Another child of senior Yoon admin pick found to have interned at Kim & Chang

Posted on : 2024-06-10 18:01 KST Modified on : 2024-06-10 18:01 KST
The daughter of the newly appointed senior presidential secretary for civil affairs landed an internship at the leading law firm Kim & Chang while her father held a senior position in the Ministry of Justice
President Yoon Suk-yeol (left) answers questions from reporters after introducing his new senior secretary for civil affairs, former Ministry of Justice Vice Minister Kim Joo-hyun at the presidential office in Seoul on May 7, 2024. (Yonhap) 
President Yoon Suk-yeol (left) answers questions from reporters after introducing his new senior secretary for civil affairs, former Ministry of Justice Vice Minister Kim Joo-hyun at the presidential office in Seoul on May 7, 2024. (Yonhap) 

As an undergraduate, the daughter of the current senior presidential secretary for civil affairs Kim Joo-hyun worked as an intern at the law firm Kim & Chang, the Hankyoreh has learned. 

With Kim & Chang’s history of rarely employing undergraduate interns and its lack of recruitment announcements or other procedures for their hiring, some are alleging that Kim may have taken advantage of his senior position within the Ministry of Justice at the time. 

In an investigation on Sunday, the Hankyoreh found that the younger Kim — now 32 — took part in a Kim & Chang internship program in July 2012 while she was a third-year student in media studies at Korea University. 

Kim announced her participation in a Facebook post at the time and was interviewed as a cover model for a newsletter operated by a major employment site. 

“During this vacation, I’ll be doing an internship at Korea’s biggest law firm,” she was quoted as saying in the interview. “This was a difficult opportunity to come by, and I’ll be reporting to work a little earlier and working harder than the other interns.”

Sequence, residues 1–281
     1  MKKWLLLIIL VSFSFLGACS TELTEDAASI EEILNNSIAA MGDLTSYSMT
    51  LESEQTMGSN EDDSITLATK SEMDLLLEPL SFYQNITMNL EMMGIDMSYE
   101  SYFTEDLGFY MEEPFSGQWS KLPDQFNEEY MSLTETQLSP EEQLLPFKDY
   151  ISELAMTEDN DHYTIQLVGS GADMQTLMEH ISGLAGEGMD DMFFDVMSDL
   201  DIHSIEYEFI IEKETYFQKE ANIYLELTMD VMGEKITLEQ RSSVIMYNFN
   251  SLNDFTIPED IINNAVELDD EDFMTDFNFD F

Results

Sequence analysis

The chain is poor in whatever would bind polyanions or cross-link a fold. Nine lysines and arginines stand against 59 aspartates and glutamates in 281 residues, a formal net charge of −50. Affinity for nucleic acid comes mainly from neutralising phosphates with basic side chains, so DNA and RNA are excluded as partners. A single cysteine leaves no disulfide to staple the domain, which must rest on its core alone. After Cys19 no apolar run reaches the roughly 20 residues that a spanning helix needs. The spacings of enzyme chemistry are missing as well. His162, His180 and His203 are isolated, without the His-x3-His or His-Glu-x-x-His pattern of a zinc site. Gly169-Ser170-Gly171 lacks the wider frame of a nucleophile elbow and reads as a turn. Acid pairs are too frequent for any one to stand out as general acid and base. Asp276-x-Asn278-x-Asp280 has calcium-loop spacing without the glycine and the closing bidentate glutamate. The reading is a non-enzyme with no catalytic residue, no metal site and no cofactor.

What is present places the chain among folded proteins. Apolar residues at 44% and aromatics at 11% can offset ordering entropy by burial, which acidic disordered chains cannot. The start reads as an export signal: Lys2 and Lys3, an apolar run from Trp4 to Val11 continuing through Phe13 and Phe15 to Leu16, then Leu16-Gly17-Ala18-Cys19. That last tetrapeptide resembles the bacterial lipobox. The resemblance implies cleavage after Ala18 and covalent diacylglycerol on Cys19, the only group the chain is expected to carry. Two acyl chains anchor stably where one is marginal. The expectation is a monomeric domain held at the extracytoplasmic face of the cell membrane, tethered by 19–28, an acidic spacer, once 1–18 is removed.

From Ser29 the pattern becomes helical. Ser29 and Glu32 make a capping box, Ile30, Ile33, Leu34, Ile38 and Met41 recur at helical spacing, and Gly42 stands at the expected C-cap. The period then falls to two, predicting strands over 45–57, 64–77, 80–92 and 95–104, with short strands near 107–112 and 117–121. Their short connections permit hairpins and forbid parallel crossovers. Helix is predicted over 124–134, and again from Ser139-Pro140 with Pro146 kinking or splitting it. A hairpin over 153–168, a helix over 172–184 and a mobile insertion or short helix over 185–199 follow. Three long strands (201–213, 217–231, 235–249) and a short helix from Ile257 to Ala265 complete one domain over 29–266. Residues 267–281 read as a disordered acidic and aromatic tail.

In the same month that she was taking part in the July 2012 internship, her father Kim Joo-hyun was selected for a key post within the Ministry of Justice as planning and coordination office director. 

As Kim & Chang’s interns typically only include currently enrolled law students and law school graduates, some are contending that the very fact that the younger Kim worked there as an undergraduate constituted preferential treatment. 

“There was unofficial hiring of the children of people who were friendly with Kim & Chang, including important clients and people in positions [with the courts or prosecutors],” said one attorney who worked at the firm for around five years. 

After completing her Kim & Chang internship and graduating, the daughter was admitted to the Sungkyunkwan University law school. 

Another attorney surnamed Park said, “For law school admissions at Seoul universities in particular, the competition comes down to a very slim margin of points. A Kim & Chang internship is the kind of thing that only the very top law school students would have access to, and an internship there as an undergraduate would likely have had a significant influence on [Kim’s] law school admission.” 

After graduating from law school, Kim worked as a law clerk before being hired by Kim & Chang last year. This means she and her father were employed at the same workplace until his appointment as senior presidential secretary for civil affairs and justice last month. 

When asked for comment by the Hankyoreh, Kim & Chang said, “Although there is typically no separate recruitment advertising for undergraduate internships, students do make inquiries via email or telephone, and we provide applicants with separate guidance on the procedures and examine [their applications] fairly.” 

“We cannot comment on how [Kim’s] particular case took place, and we have no related records,” the firm added. 

Commenting by way of the office of the presidential office’s spokesperson, Kim Joo-hyun said that his daughter “would have followed the procedures” and that he was “not involved.” 

His daughter did not reply to numerous requests from the Hankyoreh for comment. 

Kim Joo-hyun, the senior secretary to the president for civil affairs, speaks to reporters in the presidential office’s briefing room after being appointed on May 7, 2024. (pool photo)  
Kim Joo-hyun, the senior secretary to the president for civil affairs, speaks to reporters in the presidential office’s briefing room after being appointed on May 7, 2024. (pool photo)  

By Kwak Jin-san, staff reporter; Chai Yoon-tae, staff reporter 

Please direct questions or comments to [english@hani.co.kr

 

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